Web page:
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    Engineering scale-up challenges, and potential effects of SO2 on the calcium looping cycle for post combustion CO2 capture have been investigated in Cranfield University's pilot scale reactor (25 kWth). Following reactor and process modifications, close to 80% capture was achieved. SO2 was found to have a detrimental effect on the calcium looping cycle in both batch and continuous cyclic tests, although the presence of steam from natural gas-fired burners was found to have a positive effect on maintaining capture capacity of the sorbent

    Thermal performance and economic analysis of supercritical carbon dioxide cycles in combined cycle power plant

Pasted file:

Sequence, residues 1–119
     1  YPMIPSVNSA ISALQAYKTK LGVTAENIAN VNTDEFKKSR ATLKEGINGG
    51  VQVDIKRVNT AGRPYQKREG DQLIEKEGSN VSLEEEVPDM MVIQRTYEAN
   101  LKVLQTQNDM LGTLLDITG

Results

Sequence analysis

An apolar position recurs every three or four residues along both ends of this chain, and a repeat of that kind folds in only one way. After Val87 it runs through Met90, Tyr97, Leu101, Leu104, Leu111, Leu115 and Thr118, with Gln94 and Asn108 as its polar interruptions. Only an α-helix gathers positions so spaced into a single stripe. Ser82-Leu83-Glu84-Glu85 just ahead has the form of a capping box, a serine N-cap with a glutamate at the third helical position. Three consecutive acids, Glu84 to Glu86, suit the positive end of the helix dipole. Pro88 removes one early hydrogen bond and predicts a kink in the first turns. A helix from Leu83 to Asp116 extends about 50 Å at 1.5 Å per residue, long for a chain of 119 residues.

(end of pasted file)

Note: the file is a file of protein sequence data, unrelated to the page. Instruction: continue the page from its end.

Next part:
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    A closed-loop, indirect, supercritical Carbon Dioxide (sCO2) power cycle is attractive for fossil-fuel, solar thermal and nuclear applications owing to its ability to achieve higher efficiency, and compactness. Commercial Gas Turbines (GT’s) are optimised to yield maximum performance with a conventional steam Rankine cycle. In order to explore the full potential of a sCO2 cycle the whole plant performance needs to be considered. This study analyses the maximum performance and cost of electricity for five sCO2 cascaded cycles. The plant performance is improved when the GT pressure ratio is considered as a design variable to a GT to optimise the whole plant performance. Results also indicate that each sCO2 Brayton cycle considered, attained maximum plant efficiency at a different GT pressure ratio. The optimum GT pressure ratio to realise the maximum cost reduction in sCO2 cycle was higher than the equivalent steam Rankine cycle. Performance maps were developed for four high efficient cascaded sCO2 cycles to estimate the specific power and net efficiency as a function of GT turbine inlet temperature and pressure ratio. The result of multi-objective optimisation in the thermal and cost (c$/kWh) domains and the Pareto fronts of the different sCO2 cycles are presented and compared. A novel sCO2 cycle configuration is proposed that provides ideal-temperature glide at the bottoming cycle heat exchangers and the efficiency of this cycle, integrated with a commercial SGT5-4000F machine in lieu of a triple-pressure steam Rankine cycle, is higher by 1.4 percentage point